orchestra

Valerie Maze (associate music director, conductor, piano), Heather Boehm, Elizabeth Huffman (violin), Carey Deadman (trumpet), Jeremiah Frederick (French horn), Dan Johnson (trombone), Jill Kaeding (cello), Larry Kohut (bass), Sean McNeely, Patrick Rehker, Dominic Trumfio (reeds), Ben Wedge (Viola), Jim Widlowski (drums, percussion)

behind the scenes

Rachel Rockwell (director, choreography), Roberta Duchak (music director), Kevin Depinet (set design), Mara Blumenfeld (costume design), Aaron Spivey (lighting design), Garth Helm (sound design), Shawn Sagady (projections), Timothy Reed (associate lighting designer), Gordon Peirce Schmidt (associate choreographer), Joanna Lynne Staub (associate sound design), Erica Weiss (assistant director), Katie Spelman (assistant choreographer), Adam Belcuore (casting), Neena Arndt (dramaturg), Alden Vasquez (production stage manager), Kathleen Petroziello (stage manager), Christine Adaire (dialect coach), Josh Clayton (orchestrator), Liz Lauren (photos)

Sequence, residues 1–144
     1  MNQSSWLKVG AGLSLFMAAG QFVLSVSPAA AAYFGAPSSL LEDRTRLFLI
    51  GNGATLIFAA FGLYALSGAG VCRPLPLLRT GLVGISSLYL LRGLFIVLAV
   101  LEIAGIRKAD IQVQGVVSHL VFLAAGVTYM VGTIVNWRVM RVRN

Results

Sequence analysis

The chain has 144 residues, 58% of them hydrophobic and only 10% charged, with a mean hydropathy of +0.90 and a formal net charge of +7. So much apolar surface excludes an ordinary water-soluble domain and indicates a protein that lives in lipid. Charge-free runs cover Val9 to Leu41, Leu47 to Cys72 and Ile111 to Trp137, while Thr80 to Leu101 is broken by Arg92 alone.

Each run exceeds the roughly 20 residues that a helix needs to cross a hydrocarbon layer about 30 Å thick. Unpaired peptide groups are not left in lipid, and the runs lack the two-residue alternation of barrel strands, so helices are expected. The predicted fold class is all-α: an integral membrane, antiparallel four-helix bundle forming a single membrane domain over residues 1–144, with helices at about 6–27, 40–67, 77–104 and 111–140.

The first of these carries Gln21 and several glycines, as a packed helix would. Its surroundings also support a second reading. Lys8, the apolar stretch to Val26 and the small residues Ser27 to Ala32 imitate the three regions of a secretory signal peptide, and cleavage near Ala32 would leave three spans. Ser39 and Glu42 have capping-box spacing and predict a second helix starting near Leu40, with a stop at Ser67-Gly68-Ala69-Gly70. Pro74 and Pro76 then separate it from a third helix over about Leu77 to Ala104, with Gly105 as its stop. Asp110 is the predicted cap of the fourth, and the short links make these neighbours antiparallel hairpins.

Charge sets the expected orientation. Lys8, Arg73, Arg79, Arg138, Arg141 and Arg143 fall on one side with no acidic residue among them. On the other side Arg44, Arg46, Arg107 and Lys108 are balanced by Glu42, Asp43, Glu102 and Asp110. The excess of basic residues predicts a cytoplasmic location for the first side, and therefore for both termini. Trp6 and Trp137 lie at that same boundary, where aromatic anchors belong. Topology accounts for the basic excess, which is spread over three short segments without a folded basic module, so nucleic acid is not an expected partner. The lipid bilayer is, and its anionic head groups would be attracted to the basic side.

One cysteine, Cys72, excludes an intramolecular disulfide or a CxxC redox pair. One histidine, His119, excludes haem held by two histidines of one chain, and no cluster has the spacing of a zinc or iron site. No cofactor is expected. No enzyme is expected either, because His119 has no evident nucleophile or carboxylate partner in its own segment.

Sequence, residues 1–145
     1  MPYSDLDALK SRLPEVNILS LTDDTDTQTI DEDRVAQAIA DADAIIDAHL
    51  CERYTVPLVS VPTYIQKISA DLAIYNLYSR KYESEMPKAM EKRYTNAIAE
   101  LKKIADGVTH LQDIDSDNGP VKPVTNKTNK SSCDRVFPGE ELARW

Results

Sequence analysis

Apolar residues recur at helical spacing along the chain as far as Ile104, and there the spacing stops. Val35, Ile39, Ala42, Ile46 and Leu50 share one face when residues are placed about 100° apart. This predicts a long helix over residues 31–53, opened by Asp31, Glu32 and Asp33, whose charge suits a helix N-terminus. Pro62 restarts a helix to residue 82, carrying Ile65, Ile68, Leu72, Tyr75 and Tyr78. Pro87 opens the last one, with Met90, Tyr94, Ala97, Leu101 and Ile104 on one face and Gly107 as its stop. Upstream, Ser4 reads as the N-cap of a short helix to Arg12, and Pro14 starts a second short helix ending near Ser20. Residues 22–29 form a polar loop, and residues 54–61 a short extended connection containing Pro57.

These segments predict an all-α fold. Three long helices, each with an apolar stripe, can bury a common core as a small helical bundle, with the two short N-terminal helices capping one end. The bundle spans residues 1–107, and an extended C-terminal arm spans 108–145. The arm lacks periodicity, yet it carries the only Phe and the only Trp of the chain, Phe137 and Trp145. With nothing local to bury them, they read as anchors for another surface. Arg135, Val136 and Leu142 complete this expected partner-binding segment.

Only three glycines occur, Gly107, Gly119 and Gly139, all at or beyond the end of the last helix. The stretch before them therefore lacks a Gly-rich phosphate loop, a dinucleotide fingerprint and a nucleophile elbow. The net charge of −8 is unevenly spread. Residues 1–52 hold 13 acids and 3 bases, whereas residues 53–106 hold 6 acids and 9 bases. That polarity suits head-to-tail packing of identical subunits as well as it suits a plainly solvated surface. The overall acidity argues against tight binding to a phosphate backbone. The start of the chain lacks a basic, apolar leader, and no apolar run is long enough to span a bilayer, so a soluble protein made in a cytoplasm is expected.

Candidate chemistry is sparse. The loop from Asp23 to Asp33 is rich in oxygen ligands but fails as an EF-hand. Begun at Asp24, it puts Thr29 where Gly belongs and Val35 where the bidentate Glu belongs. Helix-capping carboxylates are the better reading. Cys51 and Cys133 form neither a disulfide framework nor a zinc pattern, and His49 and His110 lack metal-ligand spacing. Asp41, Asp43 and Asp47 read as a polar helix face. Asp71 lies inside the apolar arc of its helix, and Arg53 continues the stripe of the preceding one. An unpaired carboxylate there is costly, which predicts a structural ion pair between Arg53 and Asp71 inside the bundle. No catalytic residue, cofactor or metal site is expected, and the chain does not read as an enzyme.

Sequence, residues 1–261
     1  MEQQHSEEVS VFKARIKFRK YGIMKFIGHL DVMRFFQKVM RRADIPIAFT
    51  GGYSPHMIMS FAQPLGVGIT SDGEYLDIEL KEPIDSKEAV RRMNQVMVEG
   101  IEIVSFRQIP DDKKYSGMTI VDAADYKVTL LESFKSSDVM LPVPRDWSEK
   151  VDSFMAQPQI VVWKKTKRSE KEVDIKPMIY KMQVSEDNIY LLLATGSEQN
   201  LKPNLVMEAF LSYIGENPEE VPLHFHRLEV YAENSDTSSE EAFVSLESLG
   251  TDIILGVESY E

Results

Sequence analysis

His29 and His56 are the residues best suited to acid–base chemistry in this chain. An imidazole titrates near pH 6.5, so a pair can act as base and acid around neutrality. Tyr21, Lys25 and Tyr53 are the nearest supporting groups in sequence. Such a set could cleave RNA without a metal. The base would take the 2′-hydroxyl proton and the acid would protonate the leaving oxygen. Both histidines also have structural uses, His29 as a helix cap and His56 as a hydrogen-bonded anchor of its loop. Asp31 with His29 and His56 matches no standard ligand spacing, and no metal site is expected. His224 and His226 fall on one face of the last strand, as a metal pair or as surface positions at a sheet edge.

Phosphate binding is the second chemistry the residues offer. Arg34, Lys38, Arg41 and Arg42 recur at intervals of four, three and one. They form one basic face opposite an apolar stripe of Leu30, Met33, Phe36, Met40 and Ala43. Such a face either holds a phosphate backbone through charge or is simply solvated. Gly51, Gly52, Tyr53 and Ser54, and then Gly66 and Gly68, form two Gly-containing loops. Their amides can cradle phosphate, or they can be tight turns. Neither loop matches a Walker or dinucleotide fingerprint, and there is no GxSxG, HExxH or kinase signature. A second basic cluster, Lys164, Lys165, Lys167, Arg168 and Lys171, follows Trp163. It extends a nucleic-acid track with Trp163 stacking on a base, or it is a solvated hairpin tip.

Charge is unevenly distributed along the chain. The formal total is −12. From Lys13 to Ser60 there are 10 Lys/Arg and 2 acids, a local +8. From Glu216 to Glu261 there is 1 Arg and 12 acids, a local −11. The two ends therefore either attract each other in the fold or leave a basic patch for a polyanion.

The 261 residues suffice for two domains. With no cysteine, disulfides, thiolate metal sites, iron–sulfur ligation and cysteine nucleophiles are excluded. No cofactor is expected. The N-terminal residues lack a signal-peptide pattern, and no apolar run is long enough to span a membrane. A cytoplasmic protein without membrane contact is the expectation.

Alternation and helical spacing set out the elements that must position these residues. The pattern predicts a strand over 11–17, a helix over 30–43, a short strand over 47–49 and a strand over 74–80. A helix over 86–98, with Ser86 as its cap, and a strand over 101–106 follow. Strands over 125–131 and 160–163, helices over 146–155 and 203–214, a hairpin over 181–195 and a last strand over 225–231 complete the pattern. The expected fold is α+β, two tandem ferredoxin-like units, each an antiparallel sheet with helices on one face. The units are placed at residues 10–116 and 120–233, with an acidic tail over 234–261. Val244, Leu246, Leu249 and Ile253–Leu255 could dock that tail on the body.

Kevin Earley stars in Goodman Theatre's magical "Brigadoon" by Lerner and Loewe, directed by Rachel Rockwell. (photo credit: Liz Lauren)